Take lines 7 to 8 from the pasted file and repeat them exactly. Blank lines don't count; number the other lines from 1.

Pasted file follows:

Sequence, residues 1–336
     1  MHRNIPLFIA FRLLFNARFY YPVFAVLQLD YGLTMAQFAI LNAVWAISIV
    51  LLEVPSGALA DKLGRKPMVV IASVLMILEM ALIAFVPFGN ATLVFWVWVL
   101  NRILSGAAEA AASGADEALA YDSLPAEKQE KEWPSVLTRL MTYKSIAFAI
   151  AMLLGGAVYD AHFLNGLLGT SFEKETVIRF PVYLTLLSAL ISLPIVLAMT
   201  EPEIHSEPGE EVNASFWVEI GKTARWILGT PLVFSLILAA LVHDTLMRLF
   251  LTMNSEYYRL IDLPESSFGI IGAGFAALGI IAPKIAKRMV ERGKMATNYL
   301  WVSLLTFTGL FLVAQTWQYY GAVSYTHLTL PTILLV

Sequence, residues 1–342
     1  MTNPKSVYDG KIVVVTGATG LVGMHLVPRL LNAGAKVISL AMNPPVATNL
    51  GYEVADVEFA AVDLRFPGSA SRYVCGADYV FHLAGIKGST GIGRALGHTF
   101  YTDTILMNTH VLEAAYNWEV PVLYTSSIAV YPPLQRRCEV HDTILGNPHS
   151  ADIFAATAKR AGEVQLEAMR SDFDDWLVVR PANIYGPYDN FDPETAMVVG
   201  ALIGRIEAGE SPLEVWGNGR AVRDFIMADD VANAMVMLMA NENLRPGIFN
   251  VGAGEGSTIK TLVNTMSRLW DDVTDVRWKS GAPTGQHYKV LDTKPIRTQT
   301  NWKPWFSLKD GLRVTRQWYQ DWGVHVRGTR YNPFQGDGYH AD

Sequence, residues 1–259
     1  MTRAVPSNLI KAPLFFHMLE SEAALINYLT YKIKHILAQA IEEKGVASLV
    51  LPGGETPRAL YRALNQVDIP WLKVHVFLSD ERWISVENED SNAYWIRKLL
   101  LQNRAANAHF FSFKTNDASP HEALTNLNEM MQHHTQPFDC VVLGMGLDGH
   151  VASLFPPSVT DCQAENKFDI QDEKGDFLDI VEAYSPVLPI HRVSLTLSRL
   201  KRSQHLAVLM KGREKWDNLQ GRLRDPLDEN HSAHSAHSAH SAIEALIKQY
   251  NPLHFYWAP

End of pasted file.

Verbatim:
   251  LTMNSEYYRL IDLPESSFGI IGAGFAALGI IAPKIAKRMV ERGKMATNYL
   301  WVSLLTFTGL FLVAQTWQYY GAVSYTHLTL PTILLV